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Think hospitalit-e

This post was written by Kayleigh Tanner and first appeared on the Epic blog on 22nd January 2014.
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I hate to be the one to remind you, but unfortunately, it’s January, it’s bleak and it’s going to stay this way for a good few months. I’m sure I’m not the only one planning my escape to foreign climes, but this got me thinking: where does e-learning fit into holidays, travelling and hospitality in general?

Personal learning

There are two main strands when it comes to learning for holidays. The first kind is personal learning. I’m off to Helsinki later this year, and I’m certainly not fluent in Finnish. I’ll be working on my language skills using a variety of mobile apps and web-based language learning programmes so I’m not mixing up my kiitos with my kyllä. Unfortunately, my language app of choice, Duolingo, doesn’t currently support Finnish, but I’m using it to refresh my French skills for future trips.

Business travellers often find themselves jetting across the world to unfamiliar cities, and this might entail brushing up on the etiquette and cultural standards of these places. A gesture they believe to be a friendly greeting in the UK may be wildly inappropriate or offensive elsewhere, so some handy mobile-based learning could provide them with the knowledge they need to avoid offending anyone on their trip.

Job-related training

At the industry level, there are lots of reasons for which we might expect training to be administered. Epic’s award-winning onboarding training for Virgin Atlantic was created to ensure that the right people were recruited with the skills they needed to succeed in the dynamic travel industry. The ASPECT model of onboarding is a fantastic way to help  you devise an effective onboarding programme to find the right people who can perform the job successfully. We have also created systems training for easyJet, blending systems training and hearts and minds e-learning to introduce staff to easyJet’s safety reporting system, SafetyNet.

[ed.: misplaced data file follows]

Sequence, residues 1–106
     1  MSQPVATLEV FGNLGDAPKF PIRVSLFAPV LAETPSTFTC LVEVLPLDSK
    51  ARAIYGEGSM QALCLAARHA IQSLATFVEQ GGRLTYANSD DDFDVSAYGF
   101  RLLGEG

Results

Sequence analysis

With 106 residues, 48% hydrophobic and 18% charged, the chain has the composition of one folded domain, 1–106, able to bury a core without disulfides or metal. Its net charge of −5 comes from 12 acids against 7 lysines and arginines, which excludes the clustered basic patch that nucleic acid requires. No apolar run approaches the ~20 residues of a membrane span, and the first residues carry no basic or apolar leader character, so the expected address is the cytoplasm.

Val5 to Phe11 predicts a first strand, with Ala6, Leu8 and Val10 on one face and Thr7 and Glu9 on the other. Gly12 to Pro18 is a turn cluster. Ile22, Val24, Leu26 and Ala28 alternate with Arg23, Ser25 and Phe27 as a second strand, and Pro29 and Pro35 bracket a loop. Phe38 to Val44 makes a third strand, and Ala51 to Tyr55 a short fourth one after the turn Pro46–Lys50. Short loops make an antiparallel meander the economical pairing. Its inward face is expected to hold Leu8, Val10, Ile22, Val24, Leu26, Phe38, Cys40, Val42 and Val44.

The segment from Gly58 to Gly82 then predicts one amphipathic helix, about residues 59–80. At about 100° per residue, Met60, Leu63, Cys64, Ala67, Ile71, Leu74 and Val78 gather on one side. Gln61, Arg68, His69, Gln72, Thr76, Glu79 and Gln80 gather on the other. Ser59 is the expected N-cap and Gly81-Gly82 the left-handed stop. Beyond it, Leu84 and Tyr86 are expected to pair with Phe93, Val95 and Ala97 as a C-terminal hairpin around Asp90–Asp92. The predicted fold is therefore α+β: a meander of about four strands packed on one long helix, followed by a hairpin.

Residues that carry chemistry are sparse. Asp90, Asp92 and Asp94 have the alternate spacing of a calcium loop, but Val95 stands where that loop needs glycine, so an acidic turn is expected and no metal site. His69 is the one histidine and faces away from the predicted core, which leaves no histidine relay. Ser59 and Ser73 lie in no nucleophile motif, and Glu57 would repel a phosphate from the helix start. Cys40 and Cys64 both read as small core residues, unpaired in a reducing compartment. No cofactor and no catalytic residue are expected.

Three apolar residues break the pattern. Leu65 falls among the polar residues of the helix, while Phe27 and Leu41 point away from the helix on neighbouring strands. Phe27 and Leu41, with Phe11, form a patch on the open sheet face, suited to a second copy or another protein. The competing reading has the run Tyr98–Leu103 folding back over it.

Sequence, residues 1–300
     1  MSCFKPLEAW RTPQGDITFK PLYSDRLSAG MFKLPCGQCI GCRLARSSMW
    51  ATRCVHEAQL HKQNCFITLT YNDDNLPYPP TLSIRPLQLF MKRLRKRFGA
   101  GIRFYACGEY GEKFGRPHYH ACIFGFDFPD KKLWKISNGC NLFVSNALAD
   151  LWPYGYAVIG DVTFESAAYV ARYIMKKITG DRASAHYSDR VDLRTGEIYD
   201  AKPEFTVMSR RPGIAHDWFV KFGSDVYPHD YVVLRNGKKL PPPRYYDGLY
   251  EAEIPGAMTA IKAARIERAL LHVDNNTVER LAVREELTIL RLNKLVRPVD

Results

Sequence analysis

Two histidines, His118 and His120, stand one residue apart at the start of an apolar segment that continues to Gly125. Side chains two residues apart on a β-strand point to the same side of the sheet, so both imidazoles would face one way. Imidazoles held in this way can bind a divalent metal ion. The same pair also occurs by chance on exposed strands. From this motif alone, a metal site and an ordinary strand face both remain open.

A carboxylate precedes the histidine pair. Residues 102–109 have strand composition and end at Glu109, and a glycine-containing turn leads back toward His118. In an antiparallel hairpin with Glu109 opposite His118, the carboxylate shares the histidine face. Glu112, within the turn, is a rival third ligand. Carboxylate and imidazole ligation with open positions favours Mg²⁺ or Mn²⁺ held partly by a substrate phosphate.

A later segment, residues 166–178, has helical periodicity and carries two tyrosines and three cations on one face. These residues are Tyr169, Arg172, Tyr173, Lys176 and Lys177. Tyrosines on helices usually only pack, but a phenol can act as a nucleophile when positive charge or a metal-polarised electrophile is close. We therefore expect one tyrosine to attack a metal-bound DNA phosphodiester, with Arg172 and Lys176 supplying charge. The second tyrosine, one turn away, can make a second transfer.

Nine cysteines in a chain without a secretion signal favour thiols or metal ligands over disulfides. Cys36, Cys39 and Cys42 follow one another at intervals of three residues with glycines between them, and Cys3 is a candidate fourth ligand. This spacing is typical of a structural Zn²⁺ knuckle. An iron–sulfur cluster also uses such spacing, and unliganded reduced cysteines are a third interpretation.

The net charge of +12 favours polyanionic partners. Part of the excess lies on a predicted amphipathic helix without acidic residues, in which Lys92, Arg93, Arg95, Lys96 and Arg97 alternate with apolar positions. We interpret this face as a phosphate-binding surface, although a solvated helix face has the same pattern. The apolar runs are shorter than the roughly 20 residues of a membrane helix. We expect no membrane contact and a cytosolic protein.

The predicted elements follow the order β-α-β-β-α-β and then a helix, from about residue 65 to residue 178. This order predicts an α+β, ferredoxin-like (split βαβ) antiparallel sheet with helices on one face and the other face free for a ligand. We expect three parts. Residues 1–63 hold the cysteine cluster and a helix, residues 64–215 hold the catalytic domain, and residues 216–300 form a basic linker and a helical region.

We have also created award-winning training for British Airways to help them deliver health and safety and medical training to its thousands of staff. The Aviation Medicine (AvMed) programme transformed BA’s face-to-face medical training into e-learning, saving more than £1 million in three years and improving the quality of emergency medical treatment on aircraft. It even meant that 2,000 volunteer staff were able to use the AvMed training to get their licence to fly, allowing BA to keep more than 50% of their flights in the air during the 2010 industrial strikes. When I get on a plane, I certainly want to know that everyone from the pilot to the flight attendants know exactly what to do when something goes wrong, which is why quality training is so crucial.

Epic has a thorough understanding of the training requirements of companies in the hospitality industry. If you’re interested in compliance training, including health and safety, management and leadership training or other areas in the leisure and hospitality industry, please get in touch to discuss your requirements.